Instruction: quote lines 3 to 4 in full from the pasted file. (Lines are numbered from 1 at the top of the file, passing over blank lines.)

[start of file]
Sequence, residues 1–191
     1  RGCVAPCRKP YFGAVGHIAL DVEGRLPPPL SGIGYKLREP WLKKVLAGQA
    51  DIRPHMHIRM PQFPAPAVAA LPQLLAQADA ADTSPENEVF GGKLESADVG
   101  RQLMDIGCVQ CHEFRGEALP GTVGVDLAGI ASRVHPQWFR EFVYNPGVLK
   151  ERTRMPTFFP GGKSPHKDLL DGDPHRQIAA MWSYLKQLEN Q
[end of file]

    51  DIRPHMHIRM PQFPAPAVAA LPQLLAQADA ADTSPENEVF GGKLESADVG
   101  RQLMDIGCVQ CHEFRGEALP GTVGVDLAGI ASRVHPQWFR EFVYNPGVLK